Today’s organizations however, often have people in roles that are far too fluid to keep in a traditional org tree: dotted-line relationships up-down-and-across would keep a couple of full-time HR people busy in Visio just trying to maintain current org charts.

Group bubbles, on the other hand, allow people and teams to morph freely, assembling and disassembling as needed for special projects or new jobs. Putting the “head” of the organization at the center also creates a “nucleus” for the group, with team supervisors in an inner circle, and as many individual contributors as needed attaching to the team bubbles. Individuals in any role can be renamed, detached, and floated over to other groups easily without creating the “hole” that would happen in a traditional tree chart.

This image is too small to see the lines very clearly that connect the bubbles, but they’re there. Last but not least, it looks cooler and might inspire your people to think differently about your organization. “Magnet” connections in OmniGraffle and Visio can make the assembly and connections easy. Web tools like Flex could animate this for quick motion rendering. What else could you do with it? 

Bee lets you WordPress offline using Adobe AIR

Here’s an interesting thing we ran across today on the Adobe Labs site. Bee is a new offline blog editor compatible with WordPress that lets you access and sync with your blog from offline. More below:Bee is a desktop blog editor built on AIR in HTML/JavaScript. Bee integrates WordPress blogging platform and Flickr photo sharing support and offers simple unified workflows for photo blogging. This application integrates a number of javascript frameworks and libraries including Prototype, script.aculo.us, Spry, TinyMCE, and Walter Zorn’s Tooltips for Javascript.

Your brand is not your logo

It’s been said before, but it bears saying again: Your brand is not your logo. It’s not your color scheme, or your tagline, or even your principles or your market segments or your penetration. Your brand is the gut feeling regular people get when they think of your company.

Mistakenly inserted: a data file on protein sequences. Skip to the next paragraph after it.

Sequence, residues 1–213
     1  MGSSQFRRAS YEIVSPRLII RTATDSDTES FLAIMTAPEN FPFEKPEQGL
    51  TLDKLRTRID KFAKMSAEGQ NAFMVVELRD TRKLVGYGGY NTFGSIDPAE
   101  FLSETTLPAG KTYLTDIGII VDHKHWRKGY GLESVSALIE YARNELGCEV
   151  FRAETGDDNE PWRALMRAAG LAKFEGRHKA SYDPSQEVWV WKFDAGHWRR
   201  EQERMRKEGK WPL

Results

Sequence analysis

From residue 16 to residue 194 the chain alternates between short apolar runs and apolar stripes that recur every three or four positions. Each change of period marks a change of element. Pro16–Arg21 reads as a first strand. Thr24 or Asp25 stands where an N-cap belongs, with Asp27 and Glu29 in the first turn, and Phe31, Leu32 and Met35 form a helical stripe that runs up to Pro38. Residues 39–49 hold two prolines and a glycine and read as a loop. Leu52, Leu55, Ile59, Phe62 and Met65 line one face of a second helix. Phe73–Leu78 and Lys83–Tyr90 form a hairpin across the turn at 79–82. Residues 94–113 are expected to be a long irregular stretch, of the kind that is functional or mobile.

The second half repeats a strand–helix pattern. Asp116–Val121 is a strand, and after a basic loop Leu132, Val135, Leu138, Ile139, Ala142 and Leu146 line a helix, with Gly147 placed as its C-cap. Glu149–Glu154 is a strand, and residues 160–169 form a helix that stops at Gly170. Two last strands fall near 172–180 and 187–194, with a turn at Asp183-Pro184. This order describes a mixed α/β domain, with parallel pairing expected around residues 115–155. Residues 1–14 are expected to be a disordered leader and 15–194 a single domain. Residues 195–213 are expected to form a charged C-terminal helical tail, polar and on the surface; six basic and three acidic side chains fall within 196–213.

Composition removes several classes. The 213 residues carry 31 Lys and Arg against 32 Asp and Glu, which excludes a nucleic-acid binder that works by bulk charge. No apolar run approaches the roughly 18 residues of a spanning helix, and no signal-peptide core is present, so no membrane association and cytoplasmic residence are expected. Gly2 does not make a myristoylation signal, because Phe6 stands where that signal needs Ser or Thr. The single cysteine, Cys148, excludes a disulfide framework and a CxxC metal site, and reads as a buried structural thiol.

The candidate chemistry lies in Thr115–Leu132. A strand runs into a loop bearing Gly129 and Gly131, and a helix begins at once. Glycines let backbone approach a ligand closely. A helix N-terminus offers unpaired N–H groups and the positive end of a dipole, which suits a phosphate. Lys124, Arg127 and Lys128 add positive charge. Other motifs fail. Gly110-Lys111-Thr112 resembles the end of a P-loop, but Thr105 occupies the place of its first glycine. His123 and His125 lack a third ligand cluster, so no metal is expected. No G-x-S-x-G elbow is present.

This includes your customers, suppliers, partners, employees, investors, enemies, and general public. It is shaped by the way you interact with them, in every phone conversation, transaction, and problem escalation.

These are the only things that matter. The other stuff people normally call “branding” is just window dressing that clarifies and can enhance your brand value. But the real branding is done in your day-to-day operations, not in the marketing, PR or design department.

People love Amazon because you can get just about any piece of media or media equipment you want at the best price anywhere, and it’s easy and fast – despite how bad the logo and Web site look.

People love Netflix because it emancipated millions of us from video-store slavery with its free mailing system, easy online queues, and no late fees. Its “branding” people think of is nothing more than a reminder (in the form of a red envelope) of the joy of escaping from video store hell.

People love Macs because they don’t ask you to tell the computer when you connect a camera. It just knows. And they don’t make you hunt and search for drivers with every new printer or piece of software. They just install automatically. Compared with people’s traditional experiences, that’s a welcome relief. The fact that they’re prettier is just window dressing on that key benefit.

To really stand out, you need to deliver your product or service like no one has ever done before. It’s not enough to be a “leading provider of ___ solutions.” You need to change their expectations of the entire market.

Why do people love your company? Do they know? Do they have a reason? 

Microsoft PR Waggener Edstrom portrayed in new Apple ad

I laughed when I saw this Apple ad, not that it’s especially clever, but because the “PR lady” in the ad so closely resembles some of the Portland PR people I know, some of whom work for Microsoft.It’s too bad that PR people have such a nailable persona, because they are usually quite smart and do some really good work.

Leaving the McMansion for the Small Life

Moving from a big house to smaller apartment-type accommodations might actually add to your quality of life. I realize that a large family does require more space but for the rest of us, small just might do. Here are some benefits to owning a smaller home…read more | digg story